Tuesday, 26 April 2011

Twin Studies


There are only three things in the world that I hate, and one of them is the ITV show Long Lost Family.

During the advert break of The Suspicions Of Mr Whicher, as I wondered whether Paddy Considine was actually a real policeman, (seriously, what he's picked up from playing an officer of the law in Hot Fuzz, Red Riding and now Mr Whicher must leave him qualified to tackle some minor crimes at least) I saw a trail for a show called Long Lost Family, in which people are reunited with lost family members by the two obvious choices: Nicky Campbell and Davina McCall.

I tweeted: 'The 2 people I'd least want breaking the news of the discovery of my lost relatives: Nicky Campbell and Davina McCall http://t.co/wOdzf7k.' I thought Davina would leave ridiculous pauses at inappropriately sensitive moments. 'We have found your long lost brother..............................James!' By the end of the pause you'd have forgotten the context in which Davina was shouting at you and just assumed that James had been evicted. And Nicky Campbell would insist on spinning a giant wheel, I guess. I shouldn't have been watching ITV in the first place, but Peter Capaldi was in this Mr Whicher adaptation and he's always brilliant, plus I enjoy waiting to see if he forgets he's not playing Malcolm Tucker and starts shouting elaborate expletives. I went to bed and thought no more of it, but the next day I checked Twitter to find that Nicky Campbell had replied to my tweet: 'did you see it?'

I was surprised, mainly because I hadn't tweeted @ him. So how had he seen it? Had he searched his own name? I was worried I'd offended Nicky Campbell, and felt guilty because I have nothing but respect for the man. Literally, nothing but respect. Respect is all I have for Nicky Campbell. That's it. I replied: 'Nope, I'll catch up online' which I immediately regretted, because it meant I'd then have to, because as we know from his time on Watchdog, you do not lie to Nicky Campbell.

The show was actually sensitively done, if in a hyper-emotive, schmaltzy kind of ITV way. But it all felt horribly uncomfortable. I'm not sure if the public should actually be watching the intimate, life-changing moments of these people. As Lucy Mangan asks in The Guardian, 'Does the bringing together of two families justify the potential intrusion, exploitation, raising and dashing of hopes seen and unseen involved in making a programme that primarily serves a voyeuristic, self-indulgent desire to witness other people's misery and joy?'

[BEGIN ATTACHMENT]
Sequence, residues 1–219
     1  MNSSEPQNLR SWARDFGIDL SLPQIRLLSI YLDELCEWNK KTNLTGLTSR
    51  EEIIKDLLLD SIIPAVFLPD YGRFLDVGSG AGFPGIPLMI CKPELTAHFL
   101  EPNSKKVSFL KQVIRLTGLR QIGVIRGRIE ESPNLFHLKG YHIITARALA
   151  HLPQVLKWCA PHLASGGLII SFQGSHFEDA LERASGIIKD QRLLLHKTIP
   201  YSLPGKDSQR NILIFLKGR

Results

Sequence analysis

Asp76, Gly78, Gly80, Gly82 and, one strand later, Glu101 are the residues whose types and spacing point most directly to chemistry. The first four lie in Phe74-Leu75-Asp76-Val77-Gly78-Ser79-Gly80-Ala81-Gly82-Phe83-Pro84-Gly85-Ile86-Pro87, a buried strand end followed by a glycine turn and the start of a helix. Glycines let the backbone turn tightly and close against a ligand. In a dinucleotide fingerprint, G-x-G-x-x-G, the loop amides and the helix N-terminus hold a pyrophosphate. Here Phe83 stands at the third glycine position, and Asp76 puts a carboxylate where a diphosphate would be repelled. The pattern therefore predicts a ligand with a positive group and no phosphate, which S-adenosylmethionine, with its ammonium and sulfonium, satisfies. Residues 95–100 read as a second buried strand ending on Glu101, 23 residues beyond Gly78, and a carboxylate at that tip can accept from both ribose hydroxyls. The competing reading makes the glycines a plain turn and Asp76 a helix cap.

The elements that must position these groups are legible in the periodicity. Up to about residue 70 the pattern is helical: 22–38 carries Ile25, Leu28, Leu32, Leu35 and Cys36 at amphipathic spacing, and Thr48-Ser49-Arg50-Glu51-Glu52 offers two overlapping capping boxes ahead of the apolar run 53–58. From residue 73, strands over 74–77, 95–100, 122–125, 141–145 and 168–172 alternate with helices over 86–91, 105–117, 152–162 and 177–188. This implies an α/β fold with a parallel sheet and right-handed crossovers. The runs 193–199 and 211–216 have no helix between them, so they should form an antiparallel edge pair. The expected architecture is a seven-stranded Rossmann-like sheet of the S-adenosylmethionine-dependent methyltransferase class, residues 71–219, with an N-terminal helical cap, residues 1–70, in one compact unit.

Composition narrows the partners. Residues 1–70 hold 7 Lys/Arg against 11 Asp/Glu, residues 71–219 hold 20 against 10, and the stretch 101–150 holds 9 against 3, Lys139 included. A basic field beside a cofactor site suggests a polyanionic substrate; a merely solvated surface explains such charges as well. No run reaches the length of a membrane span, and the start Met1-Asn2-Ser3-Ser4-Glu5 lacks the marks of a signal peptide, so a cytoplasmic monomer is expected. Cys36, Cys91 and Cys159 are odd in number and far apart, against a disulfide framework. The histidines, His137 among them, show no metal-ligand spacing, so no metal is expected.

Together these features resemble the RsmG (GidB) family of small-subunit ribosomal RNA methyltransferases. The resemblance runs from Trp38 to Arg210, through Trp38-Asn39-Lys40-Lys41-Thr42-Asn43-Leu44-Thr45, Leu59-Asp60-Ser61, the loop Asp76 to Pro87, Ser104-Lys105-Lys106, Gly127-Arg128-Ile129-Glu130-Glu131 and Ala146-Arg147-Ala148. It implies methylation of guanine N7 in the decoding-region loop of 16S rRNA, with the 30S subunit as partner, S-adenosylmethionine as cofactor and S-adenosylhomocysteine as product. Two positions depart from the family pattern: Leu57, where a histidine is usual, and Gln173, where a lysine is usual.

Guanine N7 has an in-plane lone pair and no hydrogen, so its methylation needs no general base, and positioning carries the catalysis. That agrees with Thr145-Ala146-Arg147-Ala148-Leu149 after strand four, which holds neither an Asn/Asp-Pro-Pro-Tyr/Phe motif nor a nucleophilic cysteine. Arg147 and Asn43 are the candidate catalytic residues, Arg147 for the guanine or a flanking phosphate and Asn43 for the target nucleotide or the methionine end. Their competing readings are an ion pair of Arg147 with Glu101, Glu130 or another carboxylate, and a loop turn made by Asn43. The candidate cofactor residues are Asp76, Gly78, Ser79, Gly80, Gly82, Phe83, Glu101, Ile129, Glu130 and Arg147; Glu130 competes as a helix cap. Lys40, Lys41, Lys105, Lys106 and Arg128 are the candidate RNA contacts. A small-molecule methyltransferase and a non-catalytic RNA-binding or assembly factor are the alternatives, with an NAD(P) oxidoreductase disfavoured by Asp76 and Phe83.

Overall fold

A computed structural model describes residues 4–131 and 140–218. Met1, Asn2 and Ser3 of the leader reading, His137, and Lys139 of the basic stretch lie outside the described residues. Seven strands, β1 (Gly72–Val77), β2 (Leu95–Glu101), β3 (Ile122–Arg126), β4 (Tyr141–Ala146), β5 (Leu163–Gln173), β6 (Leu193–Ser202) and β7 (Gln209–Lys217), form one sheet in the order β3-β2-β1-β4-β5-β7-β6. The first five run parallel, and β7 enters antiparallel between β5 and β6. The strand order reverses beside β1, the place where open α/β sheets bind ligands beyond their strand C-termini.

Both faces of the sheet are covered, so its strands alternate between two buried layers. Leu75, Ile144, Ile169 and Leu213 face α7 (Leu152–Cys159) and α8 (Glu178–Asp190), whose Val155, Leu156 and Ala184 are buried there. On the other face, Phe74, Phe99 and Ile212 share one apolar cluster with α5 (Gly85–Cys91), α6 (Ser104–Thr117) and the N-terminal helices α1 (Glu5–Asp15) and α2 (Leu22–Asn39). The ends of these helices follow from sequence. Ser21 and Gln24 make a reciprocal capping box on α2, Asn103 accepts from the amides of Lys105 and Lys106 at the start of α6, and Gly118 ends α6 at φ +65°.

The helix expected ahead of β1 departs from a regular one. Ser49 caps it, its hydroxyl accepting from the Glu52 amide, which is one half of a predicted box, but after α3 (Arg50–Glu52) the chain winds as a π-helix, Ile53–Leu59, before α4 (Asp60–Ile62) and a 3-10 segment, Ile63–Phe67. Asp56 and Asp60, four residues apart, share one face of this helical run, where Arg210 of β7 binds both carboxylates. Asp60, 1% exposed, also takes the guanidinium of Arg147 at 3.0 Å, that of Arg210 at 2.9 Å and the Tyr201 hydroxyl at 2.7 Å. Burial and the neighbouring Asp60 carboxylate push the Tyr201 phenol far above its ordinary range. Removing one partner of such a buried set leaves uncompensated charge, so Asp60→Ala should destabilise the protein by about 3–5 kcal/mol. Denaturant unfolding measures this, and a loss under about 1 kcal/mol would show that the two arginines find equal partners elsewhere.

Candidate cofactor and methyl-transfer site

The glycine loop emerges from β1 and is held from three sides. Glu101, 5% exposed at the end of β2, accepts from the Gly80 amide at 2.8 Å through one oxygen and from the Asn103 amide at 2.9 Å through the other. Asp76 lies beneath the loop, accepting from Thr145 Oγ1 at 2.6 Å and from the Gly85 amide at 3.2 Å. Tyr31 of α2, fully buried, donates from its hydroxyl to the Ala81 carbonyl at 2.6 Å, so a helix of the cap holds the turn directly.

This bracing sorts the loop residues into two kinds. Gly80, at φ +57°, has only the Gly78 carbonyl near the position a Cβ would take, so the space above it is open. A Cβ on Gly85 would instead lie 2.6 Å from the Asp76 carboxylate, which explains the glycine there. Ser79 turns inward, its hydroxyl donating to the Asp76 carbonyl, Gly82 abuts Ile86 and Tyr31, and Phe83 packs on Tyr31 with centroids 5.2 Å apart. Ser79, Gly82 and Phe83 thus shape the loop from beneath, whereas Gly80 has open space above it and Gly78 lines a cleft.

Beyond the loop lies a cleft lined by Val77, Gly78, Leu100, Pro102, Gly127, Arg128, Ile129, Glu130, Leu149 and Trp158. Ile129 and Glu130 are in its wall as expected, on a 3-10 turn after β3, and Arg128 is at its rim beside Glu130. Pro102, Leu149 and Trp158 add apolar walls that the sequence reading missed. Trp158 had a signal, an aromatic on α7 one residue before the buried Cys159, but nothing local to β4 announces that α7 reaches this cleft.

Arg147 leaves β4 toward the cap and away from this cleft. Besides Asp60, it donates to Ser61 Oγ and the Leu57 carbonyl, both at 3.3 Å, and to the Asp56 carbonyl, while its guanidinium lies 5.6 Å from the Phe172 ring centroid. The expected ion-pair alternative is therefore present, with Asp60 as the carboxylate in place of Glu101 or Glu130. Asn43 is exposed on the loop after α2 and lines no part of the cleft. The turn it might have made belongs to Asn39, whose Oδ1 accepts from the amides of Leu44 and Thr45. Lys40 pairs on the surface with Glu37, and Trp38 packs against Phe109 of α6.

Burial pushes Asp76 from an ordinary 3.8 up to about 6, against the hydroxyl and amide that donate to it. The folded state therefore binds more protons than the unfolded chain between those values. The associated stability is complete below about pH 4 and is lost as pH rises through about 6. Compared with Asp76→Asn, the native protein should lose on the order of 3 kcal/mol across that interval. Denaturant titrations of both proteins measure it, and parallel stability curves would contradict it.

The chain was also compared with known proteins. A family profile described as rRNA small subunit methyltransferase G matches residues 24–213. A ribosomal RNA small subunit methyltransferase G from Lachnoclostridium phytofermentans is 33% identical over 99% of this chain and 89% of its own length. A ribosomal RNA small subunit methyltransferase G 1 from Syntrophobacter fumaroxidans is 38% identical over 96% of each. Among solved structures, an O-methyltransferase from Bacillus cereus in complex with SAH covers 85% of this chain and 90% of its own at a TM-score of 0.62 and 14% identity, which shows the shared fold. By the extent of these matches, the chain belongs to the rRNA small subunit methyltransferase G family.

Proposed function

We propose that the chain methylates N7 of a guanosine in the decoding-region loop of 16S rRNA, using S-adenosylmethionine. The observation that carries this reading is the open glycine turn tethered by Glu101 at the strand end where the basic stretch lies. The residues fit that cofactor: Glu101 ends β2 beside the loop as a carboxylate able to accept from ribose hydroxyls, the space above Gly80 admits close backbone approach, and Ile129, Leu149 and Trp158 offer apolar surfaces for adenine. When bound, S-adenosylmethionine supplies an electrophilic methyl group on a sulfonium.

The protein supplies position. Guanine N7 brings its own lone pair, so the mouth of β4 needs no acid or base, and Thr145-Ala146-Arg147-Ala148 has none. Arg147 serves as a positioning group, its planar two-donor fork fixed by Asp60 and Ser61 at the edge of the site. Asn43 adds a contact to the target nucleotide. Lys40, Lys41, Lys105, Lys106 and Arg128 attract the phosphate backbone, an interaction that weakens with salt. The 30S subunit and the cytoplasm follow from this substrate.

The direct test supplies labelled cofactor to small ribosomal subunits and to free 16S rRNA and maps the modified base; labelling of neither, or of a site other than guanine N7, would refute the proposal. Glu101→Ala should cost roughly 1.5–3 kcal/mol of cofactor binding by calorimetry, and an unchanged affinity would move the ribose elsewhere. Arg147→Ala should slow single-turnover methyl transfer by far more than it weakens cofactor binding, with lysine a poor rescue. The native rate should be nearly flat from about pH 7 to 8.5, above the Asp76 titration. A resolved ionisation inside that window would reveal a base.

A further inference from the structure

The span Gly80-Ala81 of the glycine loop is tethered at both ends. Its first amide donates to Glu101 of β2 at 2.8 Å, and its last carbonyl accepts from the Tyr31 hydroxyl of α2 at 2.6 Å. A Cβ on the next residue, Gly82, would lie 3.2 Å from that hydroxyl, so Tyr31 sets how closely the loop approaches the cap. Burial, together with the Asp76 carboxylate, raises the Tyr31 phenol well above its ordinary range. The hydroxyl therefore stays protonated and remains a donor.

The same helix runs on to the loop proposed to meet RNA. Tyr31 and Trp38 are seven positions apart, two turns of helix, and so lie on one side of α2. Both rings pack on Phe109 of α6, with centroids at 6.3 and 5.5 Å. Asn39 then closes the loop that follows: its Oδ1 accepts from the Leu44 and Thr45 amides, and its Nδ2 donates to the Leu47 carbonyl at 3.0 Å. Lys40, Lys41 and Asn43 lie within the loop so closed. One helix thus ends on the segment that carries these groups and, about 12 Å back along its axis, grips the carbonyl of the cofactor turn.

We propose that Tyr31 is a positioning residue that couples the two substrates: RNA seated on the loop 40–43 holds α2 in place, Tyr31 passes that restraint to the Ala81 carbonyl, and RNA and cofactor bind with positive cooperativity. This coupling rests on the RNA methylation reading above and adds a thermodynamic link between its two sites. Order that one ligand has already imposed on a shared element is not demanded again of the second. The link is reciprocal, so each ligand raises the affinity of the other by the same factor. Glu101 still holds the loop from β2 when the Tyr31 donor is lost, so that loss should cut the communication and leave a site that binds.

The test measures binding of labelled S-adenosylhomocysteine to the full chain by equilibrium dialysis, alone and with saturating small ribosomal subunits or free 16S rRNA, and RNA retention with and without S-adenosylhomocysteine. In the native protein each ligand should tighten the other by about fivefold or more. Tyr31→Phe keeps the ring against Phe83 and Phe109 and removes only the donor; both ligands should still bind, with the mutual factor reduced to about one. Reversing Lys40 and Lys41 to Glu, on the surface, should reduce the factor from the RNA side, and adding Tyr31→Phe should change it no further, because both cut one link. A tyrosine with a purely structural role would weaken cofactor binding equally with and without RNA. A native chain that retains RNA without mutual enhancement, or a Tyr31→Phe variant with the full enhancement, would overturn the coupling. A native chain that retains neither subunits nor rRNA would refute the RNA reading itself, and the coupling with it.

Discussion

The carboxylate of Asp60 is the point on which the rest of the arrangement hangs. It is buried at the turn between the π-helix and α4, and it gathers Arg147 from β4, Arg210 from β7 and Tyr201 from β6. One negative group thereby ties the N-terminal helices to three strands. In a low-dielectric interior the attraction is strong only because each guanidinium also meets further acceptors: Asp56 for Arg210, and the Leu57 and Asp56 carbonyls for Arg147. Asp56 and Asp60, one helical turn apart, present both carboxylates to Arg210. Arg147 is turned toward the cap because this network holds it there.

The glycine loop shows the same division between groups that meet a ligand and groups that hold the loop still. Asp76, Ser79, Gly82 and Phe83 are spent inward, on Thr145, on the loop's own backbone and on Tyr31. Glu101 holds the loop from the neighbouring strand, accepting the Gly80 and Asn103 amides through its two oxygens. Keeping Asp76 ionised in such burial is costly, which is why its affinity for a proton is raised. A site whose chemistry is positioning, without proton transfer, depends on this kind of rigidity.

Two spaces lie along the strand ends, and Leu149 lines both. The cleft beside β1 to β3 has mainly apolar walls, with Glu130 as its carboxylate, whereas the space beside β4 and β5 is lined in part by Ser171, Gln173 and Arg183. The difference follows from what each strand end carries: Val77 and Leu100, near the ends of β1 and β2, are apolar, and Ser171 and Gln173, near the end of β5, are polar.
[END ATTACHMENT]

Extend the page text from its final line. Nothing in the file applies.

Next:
At times it's painful watching people who've just had news of a long lost twin being found being poked and prodded to provide a sentimental soundbite. The presence of the cameras forces them to say the kind of things people never ever say in real life. Things like: 'I feel like I could tackle the world today.'

They've been told something incredibly emotional, and their immediate response is, understandably, to cry and not say anything. Through tears, one of them said something like, 'I don't know what to say,' but the camera stayed on them, as if saying 'well fucking think of what to say. Oh boo hoo, look how emotional I am! Say something stupid! Go on!' So they just say, 'wow...gosh...' Let them fucking come to terms with it!

People are also made to read letters from long lost relatives aloud. It's the first time they've read it, so obviously they're crying, but they have to read aloud for the cameras, which just seems cruel. The letter is written to the individual, not to ITV.

As I predicted, Davina does leave stupid Big Brother style pauses. To build up tension, she says, 'there are obviously different ways that it can go...' well that's ominous, '...but I have come here today with some news...' yeah clearly, '...and it's good news...' you could have said it was good news when you said you had news '...your sister has been found,' what was that sorry? I fell asleep. I mean for fuck's sake, she's waiting to hear the most important news of her life, she's not on The Million Pound Drop Live.

And actually, Nicky (I call him Nicky, we're practically pen pals now) was almost as guilty when it came to inappropriate pauses. 'Would you like to see a photograph?' he asked, without moving, even when she said she did, he just sat there, smiling. In fact, his presence was particularly awkward. He's definitely not the warmest man on TV. Whenever he put his hand on the shoulder of an elderly person, I was worried they'd think it was the chilly grip of the Grim Reaper, come to take them. I don't know which is better, his 'almost pathological lack of charisma' (as Lucy Mangan excellently puts it) or Davina's patronising gurning, which, as Michael Deacon says in the Telegraph, is reminiscent of a 'proud mother, waving them off at the school gate.'

Overall, the intrusive nature of the show, combined with the mawkish soundtrack and awkwardly lingering shots of people crying, as well as bizarre bits where Davina and Nicky would walk towards a fixed camera until their faces were creepily close, made it utterly uncomfortable.

But if you're reading this because you've googled yourself and trawled to page 57 Nicky, we'll meet up for a pint soon.

Thanks for reading, I'll leave you with the song that this blog is named after, which is by the rapping evolutionist Baba Brinkman, enjoy!






2 comments:

  1. Suing your arse right now.

    ReplyDelete